A second patient has come forward saying that an Overland Park doctor pressured her to use a potent opioid spray without explaining its risks or disclosing his financial ties to the drug maker.
A lawsuit filed Friday alleges that Steven Simon urged Johnson County resident Carey Ballou to take Subsys, an oral fentanyl product with a high potential for addiction, even though less risky, less expensive alternatives existed, and she was reluctant to take the drug.
The complaint was similar to a lawsuit filed the same day on behalf of Olathe resident James Whitham, who told the Star in July that Simon pressured him to take Subsys without informing Whitham that he was being paid by the drug’s Arizona-based manufacturer, Insys Therapeutics.
The suits, filed in Johnson County, allege medical negligence, fraud and conspiracy against Simon and several other parties, including Insys.
They were filed by Kansas City,firm German May PC, and request an unspecified amount of money to compensate Whitham and Ballou for out-of-pocket costs related to Subsys as well as the physical and mental toll of their withdrawal from the drug.
Simon took more than $200,000 in speaking fees and related expenses from Insys, according to federal data compiled by ProPublica. The company’s former executives are under federal indictment for fraud in a case that alleges they used their speaker program to pay kickbacks to doctors in exchange for prescribing more Subsys.
Simon’s clinic was raided by FBI agents in July. The clinic’s owner, physician Srinivas Nalamachu, told the Star that the agents seized the records of all patients for whom Simon prescribed oral fentanyl products, including Subsys.
In addition to Simon and Insys, the lawsuits filed Friday also name as defendants Donna Ruck, a nurse who worked under Simon, and Torgny Andersson, an Insys sales representative who frequented Simon’s clinic.
After being asked for comment, Mark W. Stafford, a lawyer for Simon, told an attorney for The Star that “to the best of my knowledge, Dr. Simon has not been served with the petitions” and that Simon’s legal counsel “will not allow a response.” The Star also left messages with Ruck and Insys Tuesday but didn’t hear back.
Nalamachu said by phone that Simon and Ruck no longer work at The Pain Management Institute in Overland Park, which has moved to a new location and has re-branded as Mid-America Polyclinic. Simon’s medical license remains current but Nalamachu said he did not know if Simon is practicing anywhere else.
The U.S. Food and Drug Administration approved Subsys only for “breakthrough cancer pain,” but federal prosecutors say that Insys pushed doctors to prescribe it “off-label” for other types of pain, then helped mislead insurance companies that were reluctant to cover it for such uses.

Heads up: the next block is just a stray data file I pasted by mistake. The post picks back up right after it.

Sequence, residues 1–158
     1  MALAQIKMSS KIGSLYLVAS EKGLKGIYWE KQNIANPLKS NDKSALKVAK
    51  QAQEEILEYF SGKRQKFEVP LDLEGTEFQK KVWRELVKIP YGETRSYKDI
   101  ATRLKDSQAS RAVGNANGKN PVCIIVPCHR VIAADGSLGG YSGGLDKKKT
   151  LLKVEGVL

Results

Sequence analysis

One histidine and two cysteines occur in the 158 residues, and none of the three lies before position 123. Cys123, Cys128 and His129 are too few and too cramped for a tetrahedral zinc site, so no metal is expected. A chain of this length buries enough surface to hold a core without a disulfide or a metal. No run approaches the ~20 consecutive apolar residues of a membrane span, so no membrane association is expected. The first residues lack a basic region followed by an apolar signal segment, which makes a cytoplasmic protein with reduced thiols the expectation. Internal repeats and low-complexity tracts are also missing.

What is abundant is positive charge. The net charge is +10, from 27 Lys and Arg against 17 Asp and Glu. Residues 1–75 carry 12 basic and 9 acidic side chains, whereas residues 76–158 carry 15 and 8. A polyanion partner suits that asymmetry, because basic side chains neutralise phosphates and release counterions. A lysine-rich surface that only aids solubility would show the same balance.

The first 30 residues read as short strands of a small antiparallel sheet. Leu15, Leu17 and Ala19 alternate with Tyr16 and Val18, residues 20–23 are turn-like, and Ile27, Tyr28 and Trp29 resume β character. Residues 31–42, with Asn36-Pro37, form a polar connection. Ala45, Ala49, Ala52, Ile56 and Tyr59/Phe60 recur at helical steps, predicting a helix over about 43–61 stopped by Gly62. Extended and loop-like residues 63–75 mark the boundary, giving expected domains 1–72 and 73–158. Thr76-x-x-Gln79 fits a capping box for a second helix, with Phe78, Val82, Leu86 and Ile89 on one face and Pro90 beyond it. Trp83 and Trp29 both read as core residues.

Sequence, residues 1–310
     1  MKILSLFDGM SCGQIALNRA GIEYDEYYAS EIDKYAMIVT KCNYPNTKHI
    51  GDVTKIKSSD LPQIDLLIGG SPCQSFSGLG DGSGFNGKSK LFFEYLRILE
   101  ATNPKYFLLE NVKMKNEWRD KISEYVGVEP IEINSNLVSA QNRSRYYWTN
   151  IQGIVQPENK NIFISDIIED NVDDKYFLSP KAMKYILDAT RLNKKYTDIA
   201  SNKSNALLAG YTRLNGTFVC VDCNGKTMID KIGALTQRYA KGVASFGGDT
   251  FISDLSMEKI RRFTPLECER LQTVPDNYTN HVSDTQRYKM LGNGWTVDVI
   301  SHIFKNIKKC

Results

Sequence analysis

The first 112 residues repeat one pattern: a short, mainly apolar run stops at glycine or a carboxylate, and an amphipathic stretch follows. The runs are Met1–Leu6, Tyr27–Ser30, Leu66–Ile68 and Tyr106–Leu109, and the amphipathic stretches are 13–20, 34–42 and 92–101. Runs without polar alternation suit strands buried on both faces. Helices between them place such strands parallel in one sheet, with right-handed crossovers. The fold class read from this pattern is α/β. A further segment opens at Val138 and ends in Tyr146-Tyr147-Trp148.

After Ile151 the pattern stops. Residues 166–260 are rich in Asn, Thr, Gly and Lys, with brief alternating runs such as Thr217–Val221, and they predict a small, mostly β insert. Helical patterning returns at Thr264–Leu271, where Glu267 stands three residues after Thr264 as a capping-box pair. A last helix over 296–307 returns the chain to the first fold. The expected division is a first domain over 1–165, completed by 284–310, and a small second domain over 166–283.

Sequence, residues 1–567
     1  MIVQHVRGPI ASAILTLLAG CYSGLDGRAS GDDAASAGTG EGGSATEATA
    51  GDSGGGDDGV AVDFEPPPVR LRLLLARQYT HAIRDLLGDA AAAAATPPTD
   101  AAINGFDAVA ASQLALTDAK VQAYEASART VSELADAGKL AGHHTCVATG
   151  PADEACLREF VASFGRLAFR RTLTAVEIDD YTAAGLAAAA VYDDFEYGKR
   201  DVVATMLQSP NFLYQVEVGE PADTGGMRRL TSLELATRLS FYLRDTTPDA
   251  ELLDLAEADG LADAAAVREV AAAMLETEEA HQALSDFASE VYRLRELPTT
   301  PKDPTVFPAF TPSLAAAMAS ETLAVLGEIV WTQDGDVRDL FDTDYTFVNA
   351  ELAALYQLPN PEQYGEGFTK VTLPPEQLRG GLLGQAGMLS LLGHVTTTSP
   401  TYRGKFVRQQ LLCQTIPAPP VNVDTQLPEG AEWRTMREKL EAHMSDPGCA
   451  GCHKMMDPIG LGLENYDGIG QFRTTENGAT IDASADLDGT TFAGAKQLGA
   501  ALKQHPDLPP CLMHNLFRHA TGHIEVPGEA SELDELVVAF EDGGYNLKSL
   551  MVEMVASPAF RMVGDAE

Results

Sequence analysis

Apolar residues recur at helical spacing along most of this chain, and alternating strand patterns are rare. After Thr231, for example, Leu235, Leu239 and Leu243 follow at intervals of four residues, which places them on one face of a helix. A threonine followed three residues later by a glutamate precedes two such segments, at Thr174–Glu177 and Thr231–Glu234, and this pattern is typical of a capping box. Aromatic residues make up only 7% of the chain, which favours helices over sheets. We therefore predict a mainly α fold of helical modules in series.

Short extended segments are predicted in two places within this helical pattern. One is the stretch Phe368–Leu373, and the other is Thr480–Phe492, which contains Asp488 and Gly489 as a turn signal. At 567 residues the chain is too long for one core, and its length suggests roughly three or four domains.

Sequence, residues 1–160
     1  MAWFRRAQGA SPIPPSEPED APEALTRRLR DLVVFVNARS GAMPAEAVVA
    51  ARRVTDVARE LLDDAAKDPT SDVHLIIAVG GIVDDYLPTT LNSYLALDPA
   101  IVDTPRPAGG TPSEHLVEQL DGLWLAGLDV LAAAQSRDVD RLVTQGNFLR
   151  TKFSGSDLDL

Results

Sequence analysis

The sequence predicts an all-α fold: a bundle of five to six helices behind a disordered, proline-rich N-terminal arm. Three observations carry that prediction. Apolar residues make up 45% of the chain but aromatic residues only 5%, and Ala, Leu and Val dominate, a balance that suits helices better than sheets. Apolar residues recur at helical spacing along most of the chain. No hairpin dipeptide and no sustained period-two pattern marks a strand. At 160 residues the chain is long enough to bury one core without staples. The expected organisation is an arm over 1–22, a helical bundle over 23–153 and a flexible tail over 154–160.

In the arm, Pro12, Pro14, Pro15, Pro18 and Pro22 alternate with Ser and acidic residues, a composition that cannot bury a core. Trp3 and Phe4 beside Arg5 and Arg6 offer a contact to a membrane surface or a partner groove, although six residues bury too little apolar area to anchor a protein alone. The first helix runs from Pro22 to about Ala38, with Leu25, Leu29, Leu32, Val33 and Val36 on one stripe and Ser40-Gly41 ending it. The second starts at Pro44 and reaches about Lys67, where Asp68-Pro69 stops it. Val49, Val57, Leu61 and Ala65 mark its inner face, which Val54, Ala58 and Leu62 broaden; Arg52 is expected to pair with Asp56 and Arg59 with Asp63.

An analysis of public data by the Star found that in addition to being the eighth-highest paid Subsys speaker in the nation from 2013 to 2015, Simon and his nurses also prescribed more Subsys to people on Medicare Part D than any other Kansas practitioners.
Whitham’s suit states that he never had cancer and came to Simon seeking relief from gastrointestinal pain caused by ulcerative colitis and recurrent clostridium difficile, or “C. diff.” Simon prescribed Subsys and Ruck later asked him if he’d be willing to say he had cancer or at least pre-cancerous cells, according to the complaint. Ruck denied having that conversation in a statement she sent to the Star in July.
Ballou’s suit says she first started seeing Simon in 2012 for a back injury, “but also had an ongoing diagnosis of leukemia, making her a valuable patient to Dr. Simon and Insys.” It says she complained of adverse effects from the medication, but “Dr. Simon continued to push Subsys on her the entire time she was under his care.” The suit says she was on the drug from 2013 to 2015.
Like Whitham’s, Ballou’s suit says that Simon sometimes had signed Subsys prescriptions waiting for her when she arrived for exams, or had Ruck write refills, because he was out of town on pharmaceutical speaking engagements. It also said Andersson, the drug sales rep, was “often present” for her appointments and worked with Simon and his staff to make sure her insurance would keep covering Subsys.
The suits also say Insys offered a “patient savings plan” with a free “starter sample” that violated a Kansas law that bars free samples for most controlled substances.
The suits call Whitham and Ballou victims of Insys’ “merciless efforts to maximize profits and dramatically expand the market of a highly addictive opioid.”
“The company went to unimaginable lengths to conspire with healthcare providers and entities across the nation to satisfy its profit objectives by spreading an addiction to its dangerous drug in deliberate disregard of the health of their patients,” the suits say.
The suits also say that the plaintiffs first learned about Simon’s financial connections to the pharmaceutical industry when they read a story published online April 30 by the Star.
Insys is one of several opioid manufacturers being investigated by U.S. Sen. Claire McCaskill, a Missouri Democrat. Missouri Attorney General Josh Hawley, a Republican, is also investigating Insys and other opioid makers he says misled doctors and patients about the addictive danger of their products.
Insys’ latest quarterly report shows that in addition to the federal prosecution, the company is also facing at least eight other suits across the country brought by patients like Ballou and Whitham.